As the market becomes oversaturated with different service offerings, pricing becomes pressured around them, said ScienceLogic's Piraino.
"That is the truth. As [customers] ask for more, hosting providers are still gaining from the growth overall in the market, but the growth trajectory is slowing down significantly as a hosting provider," said Piraino.
When hosting providers are left competing on prices, setting low prices to remain competitive is the last thing they should do, said Piraino.
"In the long run, none of these hosting providers providing hosting can survive; it's a lifestyle business but it's a difficult business to grow if they are just offering just hosted services even if they are virtual servers." Said Piraino. "They have to do something different, and that can mean offering new services that speak specifically to business productivity, or some other attractive way to enable services for consumers."
To stay competitive and afloat, hosting providers must make a decision to invest, take a risk or offer new services, said Piraino. Supporting the big companies like Microsoft Azure, Google or AWS is a way for hosting providers to remain valuable.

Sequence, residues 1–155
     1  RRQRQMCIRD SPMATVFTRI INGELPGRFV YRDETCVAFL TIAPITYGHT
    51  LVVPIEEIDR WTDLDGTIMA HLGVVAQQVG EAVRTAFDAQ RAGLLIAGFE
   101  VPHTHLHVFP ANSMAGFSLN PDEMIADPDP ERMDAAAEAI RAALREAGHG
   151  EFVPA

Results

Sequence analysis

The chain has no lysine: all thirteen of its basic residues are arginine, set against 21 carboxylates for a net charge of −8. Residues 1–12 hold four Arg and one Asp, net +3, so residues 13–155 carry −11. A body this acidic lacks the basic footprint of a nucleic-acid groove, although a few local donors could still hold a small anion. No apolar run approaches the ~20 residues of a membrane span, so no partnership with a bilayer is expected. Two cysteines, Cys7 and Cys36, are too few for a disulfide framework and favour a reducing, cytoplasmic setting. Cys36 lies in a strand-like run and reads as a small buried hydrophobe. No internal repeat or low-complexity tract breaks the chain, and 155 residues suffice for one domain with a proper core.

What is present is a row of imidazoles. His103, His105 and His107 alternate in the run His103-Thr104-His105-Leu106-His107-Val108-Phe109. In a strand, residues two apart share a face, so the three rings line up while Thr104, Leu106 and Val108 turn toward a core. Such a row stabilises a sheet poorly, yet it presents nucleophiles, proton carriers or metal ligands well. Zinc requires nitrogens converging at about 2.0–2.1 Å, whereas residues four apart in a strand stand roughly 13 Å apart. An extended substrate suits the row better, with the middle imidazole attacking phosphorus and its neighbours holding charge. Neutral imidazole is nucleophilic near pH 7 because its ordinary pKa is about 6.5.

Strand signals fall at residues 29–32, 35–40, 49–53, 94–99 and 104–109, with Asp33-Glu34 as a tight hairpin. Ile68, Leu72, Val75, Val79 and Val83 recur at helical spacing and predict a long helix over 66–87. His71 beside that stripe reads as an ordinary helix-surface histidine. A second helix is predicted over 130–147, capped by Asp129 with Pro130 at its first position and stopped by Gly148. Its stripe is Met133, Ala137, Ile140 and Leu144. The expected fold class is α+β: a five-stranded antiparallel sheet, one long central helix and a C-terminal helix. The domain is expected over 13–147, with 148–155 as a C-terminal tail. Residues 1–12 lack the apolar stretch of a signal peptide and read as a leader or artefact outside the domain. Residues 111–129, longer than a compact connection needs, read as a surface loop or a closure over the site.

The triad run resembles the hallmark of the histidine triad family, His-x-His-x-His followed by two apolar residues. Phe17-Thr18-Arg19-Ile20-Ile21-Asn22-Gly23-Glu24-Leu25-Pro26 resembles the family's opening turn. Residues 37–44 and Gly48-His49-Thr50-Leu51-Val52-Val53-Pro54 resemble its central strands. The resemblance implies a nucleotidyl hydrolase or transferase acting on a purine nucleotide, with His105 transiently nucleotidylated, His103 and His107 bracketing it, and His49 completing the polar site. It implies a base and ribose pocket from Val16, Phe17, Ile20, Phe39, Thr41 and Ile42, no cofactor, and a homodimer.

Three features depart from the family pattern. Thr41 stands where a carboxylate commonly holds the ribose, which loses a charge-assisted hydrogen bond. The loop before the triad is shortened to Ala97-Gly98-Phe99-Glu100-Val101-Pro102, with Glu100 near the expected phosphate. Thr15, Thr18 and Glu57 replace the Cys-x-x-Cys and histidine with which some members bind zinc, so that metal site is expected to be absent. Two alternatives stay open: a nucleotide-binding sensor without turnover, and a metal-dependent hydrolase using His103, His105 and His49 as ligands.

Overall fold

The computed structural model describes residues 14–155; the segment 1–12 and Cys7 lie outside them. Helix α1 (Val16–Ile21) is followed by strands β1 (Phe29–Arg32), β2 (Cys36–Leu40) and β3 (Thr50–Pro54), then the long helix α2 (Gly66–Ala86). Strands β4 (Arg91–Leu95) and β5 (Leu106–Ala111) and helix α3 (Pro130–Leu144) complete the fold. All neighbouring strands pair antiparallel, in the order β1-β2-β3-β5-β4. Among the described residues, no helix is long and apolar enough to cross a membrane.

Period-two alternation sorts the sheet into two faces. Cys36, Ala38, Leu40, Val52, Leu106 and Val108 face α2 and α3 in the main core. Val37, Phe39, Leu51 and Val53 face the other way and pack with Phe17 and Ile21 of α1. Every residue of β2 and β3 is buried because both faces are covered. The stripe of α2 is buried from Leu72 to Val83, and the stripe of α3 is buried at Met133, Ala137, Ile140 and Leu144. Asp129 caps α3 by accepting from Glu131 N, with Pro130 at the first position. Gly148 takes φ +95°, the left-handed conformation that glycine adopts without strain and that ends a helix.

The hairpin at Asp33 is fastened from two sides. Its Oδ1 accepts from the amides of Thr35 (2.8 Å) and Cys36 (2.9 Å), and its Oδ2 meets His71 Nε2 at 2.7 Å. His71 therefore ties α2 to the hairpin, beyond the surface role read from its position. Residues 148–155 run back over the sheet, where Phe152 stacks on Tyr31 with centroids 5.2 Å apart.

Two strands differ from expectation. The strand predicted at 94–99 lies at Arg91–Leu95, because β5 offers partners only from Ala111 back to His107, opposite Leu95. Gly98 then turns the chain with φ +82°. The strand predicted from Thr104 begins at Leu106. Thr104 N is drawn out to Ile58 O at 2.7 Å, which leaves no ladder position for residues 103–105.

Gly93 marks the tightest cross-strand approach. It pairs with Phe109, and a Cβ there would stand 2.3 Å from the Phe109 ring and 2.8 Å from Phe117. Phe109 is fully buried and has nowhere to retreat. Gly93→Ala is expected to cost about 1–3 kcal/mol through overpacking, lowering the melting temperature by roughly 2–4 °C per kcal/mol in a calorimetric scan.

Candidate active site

"We see more hosting providers saying maybe Amazon and Microsoft aren't the enemy and aren't trying to take away our business," said Piraino. "There is safety in the sense that they don't need to spend capital on data center and new servers when they can just rely on the big providers that have infrastructure. [Hosting providers can] start to offer new services to further elevate [themselves]."
To differentiate themselves, hosting providers must focus on infrastructure, determining which tools they can invest in -- security, strategies, monitoring and billing systems -- and where they can reduce manual intervention in driving out costs, said Piraino.
"The first thing I recommend [to hosting providers] is to look into their internal systems and see which one of those systems would both reduce costs and increase revenue, and that is where ScienceLogic is positioning ourselves to help with the monitoring and managing," said Piraino. "A lot want to exit the business, make a lot of money, and it becomes a lifestyle business for them. To exit, they need to show some value, and if they are not going to exit, they have to figure out how to grow again by growing the value of the business."
PUBLISHED NOV. 20, 2013